Saturday, April 30, 2005

4/29 - Nationals 5, Mets 1

It's the plea of so many .500 teams: where are the timely hits? The Mets managed 10 hits last night against the Nationals, but only squeaked across one run. The sole run came in the first so when Allie and I left for the movie (The Hitchhiker's Guide to the Galaxy, which we both enjoyed) I was optimistic. On the way home we tuned into Steve Summers' call-in show on WFAN and Yankee fans were bemoaning yet another loss (2-0 to Roy Halladay and the Blue Jays). That brought my mood up a notch until I heard about the Mets 5-1 defeat in Washington. If they win tonight and tomorrow, and take the series, all will be well.

Wednesday, April 27, 2005

4/27 - Braves 8, Mets 4

After pitching a good solid game in his last start on Friday night, this afternoon Tom Glavine reverted to the form Mets fans are accustomed to when he pitches against his old team the Braves. It got so bad that one of my co-workers wished that once again Glavine would get into a accident while riding in a back seat of a taxi and lose some more teeth.

If you think the Braves' pitching coach Leo Mazzone hasn't given the Braves hitters an insight into battering Glavine around, look at this stat I dug up: including today's debacle, Glavine is 1-7 with a 9.36 ERA in eight outings against them. Ouch.

Tomorrow is ostensibly a travel day, even though the Mets just have to take the quick shuttle down to Washington D.C for their first game at R.F.K Stadium against the Nationals Friday night. Zisk will be on hand for that first game (but I won't be taking a shuttle, just old unreliable Amtrak). Look for an expanded entry over the weekend about the Mets first game there, and an overview of the R.F.K. experience. (Of course, I might not be able to get to a computer. If so, it will wait until Monday, and I'll let Mike handle the day-to-day entries for this weekend.)

Pedro vs. Smoltz II

Pedro's starts have become an event in our house. The other day, Allie told me that, in general, she's found herself looking forward to watching Mets games after work, but "Pedro's pitching" has a special ring to it, makes her want to get home sooner. And that's saying a lot for a guy who's only played four games as a Met.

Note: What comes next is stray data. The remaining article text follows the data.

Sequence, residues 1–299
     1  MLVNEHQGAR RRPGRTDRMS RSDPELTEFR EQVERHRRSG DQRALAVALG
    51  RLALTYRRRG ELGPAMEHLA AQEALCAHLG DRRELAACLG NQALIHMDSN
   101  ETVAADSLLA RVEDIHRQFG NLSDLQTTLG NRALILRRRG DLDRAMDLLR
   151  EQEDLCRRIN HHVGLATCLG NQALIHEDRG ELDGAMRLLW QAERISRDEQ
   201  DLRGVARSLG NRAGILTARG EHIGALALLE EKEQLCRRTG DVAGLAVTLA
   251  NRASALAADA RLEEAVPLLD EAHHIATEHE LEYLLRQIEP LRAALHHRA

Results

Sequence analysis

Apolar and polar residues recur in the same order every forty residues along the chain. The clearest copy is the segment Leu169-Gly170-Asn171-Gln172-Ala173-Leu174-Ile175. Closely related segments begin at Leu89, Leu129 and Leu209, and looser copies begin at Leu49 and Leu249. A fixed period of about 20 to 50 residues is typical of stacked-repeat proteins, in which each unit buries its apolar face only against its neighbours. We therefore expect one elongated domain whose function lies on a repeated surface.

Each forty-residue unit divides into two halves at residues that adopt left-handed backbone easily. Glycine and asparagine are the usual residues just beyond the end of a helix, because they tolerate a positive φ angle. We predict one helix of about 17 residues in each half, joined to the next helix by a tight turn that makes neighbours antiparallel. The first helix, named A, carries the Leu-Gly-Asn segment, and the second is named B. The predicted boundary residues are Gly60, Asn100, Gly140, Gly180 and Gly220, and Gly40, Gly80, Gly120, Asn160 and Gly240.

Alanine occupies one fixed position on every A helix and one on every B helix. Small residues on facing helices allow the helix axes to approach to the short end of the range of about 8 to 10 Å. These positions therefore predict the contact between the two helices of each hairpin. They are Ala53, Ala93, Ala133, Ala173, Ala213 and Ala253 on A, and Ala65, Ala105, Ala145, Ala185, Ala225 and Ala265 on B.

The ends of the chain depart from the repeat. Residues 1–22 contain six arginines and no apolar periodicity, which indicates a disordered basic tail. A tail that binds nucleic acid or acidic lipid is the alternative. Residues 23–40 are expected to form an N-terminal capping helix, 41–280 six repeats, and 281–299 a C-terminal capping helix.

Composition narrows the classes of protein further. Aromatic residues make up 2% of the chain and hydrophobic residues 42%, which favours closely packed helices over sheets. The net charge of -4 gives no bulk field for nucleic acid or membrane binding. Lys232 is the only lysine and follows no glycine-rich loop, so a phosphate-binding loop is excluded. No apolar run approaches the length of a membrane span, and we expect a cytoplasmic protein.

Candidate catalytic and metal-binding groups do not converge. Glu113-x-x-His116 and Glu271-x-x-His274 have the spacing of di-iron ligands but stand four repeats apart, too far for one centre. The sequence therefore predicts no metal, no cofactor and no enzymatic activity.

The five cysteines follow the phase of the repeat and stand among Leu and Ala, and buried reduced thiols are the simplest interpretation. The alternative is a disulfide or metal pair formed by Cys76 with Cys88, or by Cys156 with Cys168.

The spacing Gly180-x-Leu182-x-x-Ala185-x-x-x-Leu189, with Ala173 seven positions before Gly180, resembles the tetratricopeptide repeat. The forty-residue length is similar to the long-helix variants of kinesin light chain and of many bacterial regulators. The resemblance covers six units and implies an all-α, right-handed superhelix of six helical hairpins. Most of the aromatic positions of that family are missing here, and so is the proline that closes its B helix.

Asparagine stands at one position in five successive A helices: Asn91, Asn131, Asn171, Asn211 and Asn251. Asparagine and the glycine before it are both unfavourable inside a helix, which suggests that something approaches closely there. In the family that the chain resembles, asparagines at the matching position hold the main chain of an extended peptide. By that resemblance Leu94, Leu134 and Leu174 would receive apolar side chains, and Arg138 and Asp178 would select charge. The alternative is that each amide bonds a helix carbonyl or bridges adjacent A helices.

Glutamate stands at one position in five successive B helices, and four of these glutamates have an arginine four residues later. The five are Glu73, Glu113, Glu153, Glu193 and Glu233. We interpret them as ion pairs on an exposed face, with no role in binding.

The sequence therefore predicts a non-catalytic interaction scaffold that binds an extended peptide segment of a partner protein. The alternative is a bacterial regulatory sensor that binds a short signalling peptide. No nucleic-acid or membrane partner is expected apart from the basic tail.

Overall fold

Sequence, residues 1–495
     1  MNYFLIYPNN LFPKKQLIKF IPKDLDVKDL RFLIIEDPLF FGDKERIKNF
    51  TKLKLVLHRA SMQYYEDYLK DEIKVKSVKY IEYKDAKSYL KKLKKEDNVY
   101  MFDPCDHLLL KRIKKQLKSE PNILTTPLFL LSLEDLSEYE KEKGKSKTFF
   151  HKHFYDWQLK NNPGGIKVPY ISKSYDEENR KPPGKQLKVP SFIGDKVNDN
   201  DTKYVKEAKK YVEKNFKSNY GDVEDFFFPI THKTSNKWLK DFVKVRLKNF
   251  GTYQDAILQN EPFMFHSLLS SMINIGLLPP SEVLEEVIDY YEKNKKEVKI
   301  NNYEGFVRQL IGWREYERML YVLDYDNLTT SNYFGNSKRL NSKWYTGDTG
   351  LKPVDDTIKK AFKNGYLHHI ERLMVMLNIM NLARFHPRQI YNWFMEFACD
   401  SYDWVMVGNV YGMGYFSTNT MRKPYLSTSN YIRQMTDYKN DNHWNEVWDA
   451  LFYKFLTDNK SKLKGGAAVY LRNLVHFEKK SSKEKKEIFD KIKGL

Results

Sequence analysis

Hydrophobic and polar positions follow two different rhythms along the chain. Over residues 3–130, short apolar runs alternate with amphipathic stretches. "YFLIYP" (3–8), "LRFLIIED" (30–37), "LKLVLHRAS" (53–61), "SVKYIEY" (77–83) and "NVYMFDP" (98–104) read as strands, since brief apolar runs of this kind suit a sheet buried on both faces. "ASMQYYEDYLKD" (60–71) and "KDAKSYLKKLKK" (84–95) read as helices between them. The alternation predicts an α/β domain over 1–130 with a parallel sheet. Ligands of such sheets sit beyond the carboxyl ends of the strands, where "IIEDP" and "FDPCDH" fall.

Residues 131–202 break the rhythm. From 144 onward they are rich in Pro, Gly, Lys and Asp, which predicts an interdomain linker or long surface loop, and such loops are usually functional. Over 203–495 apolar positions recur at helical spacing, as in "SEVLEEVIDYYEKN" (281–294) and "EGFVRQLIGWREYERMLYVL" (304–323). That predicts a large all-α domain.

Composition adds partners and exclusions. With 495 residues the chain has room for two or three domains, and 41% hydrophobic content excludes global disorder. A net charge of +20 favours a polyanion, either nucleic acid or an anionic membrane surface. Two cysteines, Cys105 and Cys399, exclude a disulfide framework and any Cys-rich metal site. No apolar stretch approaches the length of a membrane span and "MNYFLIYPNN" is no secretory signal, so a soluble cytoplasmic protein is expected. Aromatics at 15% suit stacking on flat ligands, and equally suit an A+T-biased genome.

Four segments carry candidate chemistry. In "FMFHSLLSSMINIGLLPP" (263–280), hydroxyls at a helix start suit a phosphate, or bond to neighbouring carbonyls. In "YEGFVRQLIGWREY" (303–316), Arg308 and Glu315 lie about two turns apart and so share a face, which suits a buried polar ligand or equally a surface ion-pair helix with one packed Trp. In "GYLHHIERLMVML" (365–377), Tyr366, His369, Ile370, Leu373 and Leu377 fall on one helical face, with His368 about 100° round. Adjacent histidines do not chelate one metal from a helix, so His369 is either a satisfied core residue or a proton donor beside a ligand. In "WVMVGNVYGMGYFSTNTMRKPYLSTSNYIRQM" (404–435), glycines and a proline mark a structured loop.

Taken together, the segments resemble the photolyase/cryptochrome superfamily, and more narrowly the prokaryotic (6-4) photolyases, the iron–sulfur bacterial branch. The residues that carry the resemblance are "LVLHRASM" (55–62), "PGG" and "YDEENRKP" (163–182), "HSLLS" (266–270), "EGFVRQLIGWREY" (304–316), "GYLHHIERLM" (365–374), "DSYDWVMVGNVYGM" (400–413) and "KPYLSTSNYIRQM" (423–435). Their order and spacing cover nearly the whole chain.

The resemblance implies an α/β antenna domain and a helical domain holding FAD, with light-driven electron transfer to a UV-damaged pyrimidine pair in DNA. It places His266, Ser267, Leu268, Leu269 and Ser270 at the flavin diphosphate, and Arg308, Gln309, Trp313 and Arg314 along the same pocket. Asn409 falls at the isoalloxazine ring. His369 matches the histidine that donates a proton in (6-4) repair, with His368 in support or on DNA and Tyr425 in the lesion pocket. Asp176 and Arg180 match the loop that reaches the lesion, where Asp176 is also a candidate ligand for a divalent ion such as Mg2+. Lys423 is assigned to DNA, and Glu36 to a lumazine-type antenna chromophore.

Whoever gets home first has to/gets to walk the dogs--Rosie, the 80-pound elder stateman, and Kaiser, the younger, 60-pound spazz. Last night the chore/honor was mine. But, like I said, Pedro was pitching, so I fended off anxious hounds for the first two innings. I was willing to wait nine, but the Braves were on Pedro like cold on ice, scoring three, two-out runs in the first inning.

By the bottom of the second, Rosie's stare was burrowing into the side of my head and Kaiser was bucking around in cirlces, like a bronco on acid. It was difficult to ignore their protests--and try to convince myself that the game was more important--with the Mets getting spanked. MSG announcer Keith Hernandez didn't help my cause...

Ted Robinson: This night in 1988, Keith Hernandez hit a grand slam in Atlanta. He drove in seven runs for the Mets that game.

Keith Hernandez: I also got divorced that day. Let me tell you, I was out late that night. HA!

Which reminds me of another Hernandez gem, this one from the night before. Bottom of the fourth, Mets down 1-0...

Fran Healy: He's been terrific!

Keith Hernandez: Who?

Fran Healy: (The Mets') Chris Woodward.

Keith Hernandez: I wasn't paying attention.

Error #1: daydreaming on the job. Error #2: telling everyone about error #1 just in case they missed it.

I think it's about time MSG sprung for one of those seven-second delay modules, one of those devices that allows the guys producing the game to hear everything a few seconds before the TV audience does. I'd take awkward silences of Keith.

In the meantime, I finally gave in and walked the dogs. When I got back, the Braves had pushed their lead to 4-1. Inning after inning, the Mets had baserunners but failed to muster anything approaching a comeback; John Smoltz would bend but he didn't break. Yet I stayed tuned in the whole time, this is the new Mets, afterall, even when Allie came home, saw the score, and asked if we could watch House on Fox. With all due respect to Dr. House and cast, I was planning to go down with the ship last night.

And so was everyone at Shea. There were a lot of people on hand making a lot of noise when Piazza pinch-hit in the bottom of the ninth. Before I knew it, the Mets were back in the game: 4-3. Then Beltran singled and Piazza went first to third (When's the last time we saw that?); Reyes was dancing on the dugout steps. Two out, bottom of the ninth, and the team's hottest hitter, Cliff Floyd, at the plate. Bobby Cox went to the bullpen, pulling his closer, Danny Kolb. Unfortunately, Cliff popped up, but that's how you want to end games--a ninth inning with five hits, two runs, and a good chance to win. Tonight the Mets go for the series with Glavine facing Hampton. It's good to be a Mets fan.

4/26 - Braves 4, Mets 3

I missed much of this game due to rocking out to the ex-Replacements frontman Paul Westerberg at the Supper Club in midtown Manhattan. It was an odd start time for a New York show, 8:15pm, but the earliness didn't seem to matter to Mr. Westerberg, who seems to have falled off the wagon rather hard. In any case, I saw the first three innings and I thought to myself, "the sequel is never as good as the original." I'll count on my colleague Mr. Faloon to fill in the rest of the game, where the Mets mounted a ninth inning comebcack against Dan Kolb, who I stupidly have on my fantasy league team.

Tuesday, April 26, 2005

4/25 - Mets 5, Braves 4